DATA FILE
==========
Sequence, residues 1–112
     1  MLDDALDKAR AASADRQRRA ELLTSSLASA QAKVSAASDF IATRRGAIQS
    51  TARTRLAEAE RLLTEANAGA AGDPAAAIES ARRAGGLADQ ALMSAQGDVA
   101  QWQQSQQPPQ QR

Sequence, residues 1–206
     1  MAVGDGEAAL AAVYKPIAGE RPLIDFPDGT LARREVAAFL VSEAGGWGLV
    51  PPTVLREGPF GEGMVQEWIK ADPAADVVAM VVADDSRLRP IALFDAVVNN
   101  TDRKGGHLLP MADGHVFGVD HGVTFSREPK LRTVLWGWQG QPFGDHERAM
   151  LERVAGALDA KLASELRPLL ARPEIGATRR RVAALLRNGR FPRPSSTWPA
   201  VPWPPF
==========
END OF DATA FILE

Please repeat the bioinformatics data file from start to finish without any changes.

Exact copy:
Sequence, residues 1–112
     1  MLDDALDKAR AASADRQRRA ELLTSSLASA QAKVSAASDF IATRRGAIQS
    51  TARTRLAEAE RLLTEANAGA AGDPAAAIES ARRAGGLADQ ALMSAQGDVA
   101  QWQQSQQPPQ QR

Sequence, residues 1–206
     1  MAVGDGEAAL AAVYKPIAGE RPLIDFPDGT LARREVAAFL VSEAGGWGLV
    51  PPTVLREGPF GEGMVQEWIK ADPAADVVAM VVADDSRLRP IALFDAVVNN
   101  TDRKGGHLLP MADGHVFGVD HGVTFSREPK LRTVLWGWQG QPFGDHERAM
   151  LERVAGALDA KLASELRPLL ARPEIGATRR RVAALLRNGR FPRPSSTWPA
   201  VPWPPF